124 looked up as he came in. It was cold in the cell in the early morning, and he shivered. Later it would be unbearably hot. That was the way of it.

He spoke firmly.

“I have been considering what you said to me yesterday,” he announced. “And I have decided I must do more to help you. You know you will never be allowed out of here?”

124 looked up, surprised at this development. He shrugged and nodded. He knew it.

“They cannot risk you telling what you have seen here. And they have no interest in you anyway. They may kill you, as they have hung many at the main prison, in groups I am told, or you may simply be left here. Actually, they may have forgotten you.”

He paused, fingering the chalk in his pocket.

“What is your name?”

124 looked down, sadness in his eyes. His voice, when it came, was very different to his usual bitter tone. He almost whispered.

“It is Saleem Muhammed, good sir. Mr Muhammed. Named after my father: he was Saleem too. All the men in my family are called Saleem.”

He walked forward, and with his sleeve he rubbed out the “124” on the wall above the prisoner’s head. Then he carefully wrote Saleem Muhammed on the wall and stepped back.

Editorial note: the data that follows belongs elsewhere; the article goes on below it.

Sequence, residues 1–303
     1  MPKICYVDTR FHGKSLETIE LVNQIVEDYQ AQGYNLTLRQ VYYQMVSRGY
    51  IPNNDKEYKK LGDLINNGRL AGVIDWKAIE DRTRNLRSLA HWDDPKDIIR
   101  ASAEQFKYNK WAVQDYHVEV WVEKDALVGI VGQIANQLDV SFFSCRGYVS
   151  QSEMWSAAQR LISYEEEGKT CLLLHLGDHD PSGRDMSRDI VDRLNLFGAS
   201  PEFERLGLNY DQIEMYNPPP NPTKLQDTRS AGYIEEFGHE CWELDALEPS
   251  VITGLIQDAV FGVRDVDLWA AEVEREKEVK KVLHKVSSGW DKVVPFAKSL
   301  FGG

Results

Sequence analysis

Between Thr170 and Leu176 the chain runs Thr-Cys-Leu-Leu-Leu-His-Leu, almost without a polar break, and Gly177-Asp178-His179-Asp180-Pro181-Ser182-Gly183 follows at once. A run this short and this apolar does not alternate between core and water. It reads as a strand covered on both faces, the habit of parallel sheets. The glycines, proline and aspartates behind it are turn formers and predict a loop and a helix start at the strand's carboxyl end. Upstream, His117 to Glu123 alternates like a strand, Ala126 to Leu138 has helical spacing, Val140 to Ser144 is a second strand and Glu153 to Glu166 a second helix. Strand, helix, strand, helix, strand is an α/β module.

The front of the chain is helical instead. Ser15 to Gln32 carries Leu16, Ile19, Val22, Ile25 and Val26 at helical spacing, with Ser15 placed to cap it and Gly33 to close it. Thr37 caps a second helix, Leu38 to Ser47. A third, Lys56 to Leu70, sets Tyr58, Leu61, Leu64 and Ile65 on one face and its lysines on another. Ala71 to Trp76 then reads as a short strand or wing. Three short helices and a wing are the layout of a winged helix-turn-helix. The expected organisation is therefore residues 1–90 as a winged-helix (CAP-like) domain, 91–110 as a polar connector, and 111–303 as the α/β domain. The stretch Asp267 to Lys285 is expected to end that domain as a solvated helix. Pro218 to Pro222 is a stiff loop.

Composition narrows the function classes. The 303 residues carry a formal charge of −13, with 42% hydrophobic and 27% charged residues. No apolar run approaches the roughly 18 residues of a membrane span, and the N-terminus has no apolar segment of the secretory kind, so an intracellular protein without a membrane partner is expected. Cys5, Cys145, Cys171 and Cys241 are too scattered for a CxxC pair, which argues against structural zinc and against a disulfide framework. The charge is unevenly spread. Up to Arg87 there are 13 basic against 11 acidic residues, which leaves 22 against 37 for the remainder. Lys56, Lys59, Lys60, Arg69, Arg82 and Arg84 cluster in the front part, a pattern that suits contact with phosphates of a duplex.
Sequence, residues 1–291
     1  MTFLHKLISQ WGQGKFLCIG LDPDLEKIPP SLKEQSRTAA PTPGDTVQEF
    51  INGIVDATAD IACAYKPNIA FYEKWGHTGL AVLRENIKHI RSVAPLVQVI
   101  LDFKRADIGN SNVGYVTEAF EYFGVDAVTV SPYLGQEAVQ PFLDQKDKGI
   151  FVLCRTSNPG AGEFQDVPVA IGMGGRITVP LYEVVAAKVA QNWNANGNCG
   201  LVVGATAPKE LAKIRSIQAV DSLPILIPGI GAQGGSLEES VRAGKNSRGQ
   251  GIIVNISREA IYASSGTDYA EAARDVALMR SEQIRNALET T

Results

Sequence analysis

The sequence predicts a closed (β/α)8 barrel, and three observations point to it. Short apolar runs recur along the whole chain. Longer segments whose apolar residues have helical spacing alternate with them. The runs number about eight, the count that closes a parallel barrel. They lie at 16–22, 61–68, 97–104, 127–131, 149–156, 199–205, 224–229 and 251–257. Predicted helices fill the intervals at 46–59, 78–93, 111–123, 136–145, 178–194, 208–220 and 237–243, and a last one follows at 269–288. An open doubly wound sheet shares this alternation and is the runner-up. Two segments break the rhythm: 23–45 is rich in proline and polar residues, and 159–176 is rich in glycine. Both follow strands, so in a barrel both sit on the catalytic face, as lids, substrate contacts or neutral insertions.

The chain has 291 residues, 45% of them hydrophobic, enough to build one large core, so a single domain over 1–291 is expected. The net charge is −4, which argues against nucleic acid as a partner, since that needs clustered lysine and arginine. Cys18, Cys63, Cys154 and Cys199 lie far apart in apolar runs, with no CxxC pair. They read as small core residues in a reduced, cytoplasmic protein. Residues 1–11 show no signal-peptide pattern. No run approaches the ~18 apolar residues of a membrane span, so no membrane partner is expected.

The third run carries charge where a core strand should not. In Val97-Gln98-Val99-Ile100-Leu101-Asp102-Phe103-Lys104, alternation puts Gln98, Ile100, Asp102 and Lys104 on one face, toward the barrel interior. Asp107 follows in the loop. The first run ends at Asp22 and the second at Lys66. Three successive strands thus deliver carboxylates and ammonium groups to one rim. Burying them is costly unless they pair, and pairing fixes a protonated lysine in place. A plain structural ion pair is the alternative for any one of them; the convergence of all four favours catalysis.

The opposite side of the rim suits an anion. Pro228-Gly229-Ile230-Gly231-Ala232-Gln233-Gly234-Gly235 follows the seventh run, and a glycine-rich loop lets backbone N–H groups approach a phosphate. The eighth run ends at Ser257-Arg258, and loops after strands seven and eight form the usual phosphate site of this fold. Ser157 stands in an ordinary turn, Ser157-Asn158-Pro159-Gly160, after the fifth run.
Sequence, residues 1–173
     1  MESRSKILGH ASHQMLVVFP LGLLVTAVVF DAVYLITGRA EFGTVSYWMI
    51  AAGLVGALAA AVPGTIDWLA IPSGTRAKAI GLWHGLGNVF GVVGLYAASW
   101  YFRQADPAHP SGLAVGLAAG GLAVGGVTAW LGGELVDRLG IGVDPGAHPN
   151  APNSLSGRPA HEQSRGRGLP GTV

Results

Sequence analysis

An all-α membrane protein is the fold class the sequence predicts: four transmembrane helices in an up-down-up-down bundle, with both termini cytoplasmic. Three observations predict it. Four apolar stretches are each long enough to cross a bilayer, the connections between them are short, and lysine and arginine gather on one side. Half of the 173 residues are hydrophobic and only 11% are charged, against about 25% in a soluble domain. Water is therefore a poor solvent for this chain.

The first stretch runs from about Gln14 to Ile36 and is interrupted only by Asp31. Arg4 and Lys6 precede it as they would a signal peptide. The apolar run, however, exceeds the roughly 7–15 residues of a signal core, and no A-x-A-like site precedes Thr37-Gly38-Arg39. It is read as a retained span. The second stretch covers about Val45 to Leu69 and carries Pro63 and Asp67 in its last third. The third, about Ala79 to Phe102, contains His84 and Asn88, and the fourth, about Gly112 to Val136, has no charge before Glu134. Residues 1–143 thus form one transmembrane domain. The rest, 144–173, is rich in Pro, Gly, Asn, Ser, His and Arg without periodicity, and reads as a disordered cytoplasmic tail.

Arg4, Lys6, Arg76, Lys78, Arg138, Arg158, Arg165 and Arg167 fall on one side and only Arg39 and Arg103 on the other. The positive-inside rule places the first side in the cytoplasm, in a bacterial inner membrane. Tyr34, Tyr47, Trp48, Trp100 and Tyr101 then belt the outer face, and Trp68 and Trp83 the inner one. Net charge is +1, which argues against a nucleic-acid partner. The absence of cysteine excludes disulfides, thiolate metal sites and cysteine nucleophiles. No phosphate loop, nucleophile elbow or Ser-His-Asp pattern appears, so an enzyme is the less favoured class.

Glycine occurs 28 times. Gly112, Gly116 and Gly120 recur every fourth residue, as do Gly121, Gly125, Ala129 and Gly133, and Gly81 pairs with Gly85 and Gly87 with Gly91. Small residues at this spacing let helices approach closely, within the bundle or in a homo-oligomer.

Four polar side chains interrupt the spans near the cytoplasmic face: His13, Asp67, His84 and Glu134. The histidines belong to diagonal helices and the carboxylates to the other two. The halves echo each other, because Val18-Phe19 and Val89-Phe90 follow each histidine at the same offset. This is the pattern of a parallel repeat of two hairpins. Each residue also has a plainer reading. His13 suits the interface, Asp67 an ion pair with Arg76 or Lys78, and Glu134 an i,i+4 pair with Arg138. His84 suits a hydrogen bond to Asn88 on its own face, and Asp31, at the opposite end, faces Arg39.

“Like this?” he enquired, pointing to the wall. 124 turned and looked where he had written.

“Yes,” he said,” in wonderment. “Just like that.”

The guard let the piece of wood secreted in the sleeve of his shirt descend into his hand, and before 124 turned back to him he brought it down on the back of his head with all the strength he could muster. When the prisoner fell, he ignored the blood and brains spattering on his legs and kept hitting him. He kept beating his head until eventually he felt sure the thing was finished.

When he went back to the Sergeant, he explained that 124 had obviously found a piece of chalk from somewhere and engaged in forbidden behaviour by writing his name on the wall. He had then been insulting to the guard, using foul language. He had no alternative but to punish him severely, but he feared he might have killed him.

His superior inspected the scene and accepted without question that a piece of wood had been lying nearby and had conveniently come to hand.

“He deserved it,” he observed sourly, and rubbed out the name that the guard had written there just a little while before. How fleeting had been 124’s dignity, the guard thought.

“We’ll get rid of him. Go clean up. Take the rest of the day off. You did right. Didn’t think you had it in you. Well done.”

He gratefully accepted the offer.

At home, he reassured his wife and child that the blood was not his, and all was well. He offered no further explanation, and they knew he would not. But when he was clean and changed, he held his wife’s face in his hands hand and gently murmured:

 “You are my world. You and the child. My whole world. Please never forget that.”

He paused. This was unlike him, he knew.

“You are …

He struggled to say it just right.

“Beloved.”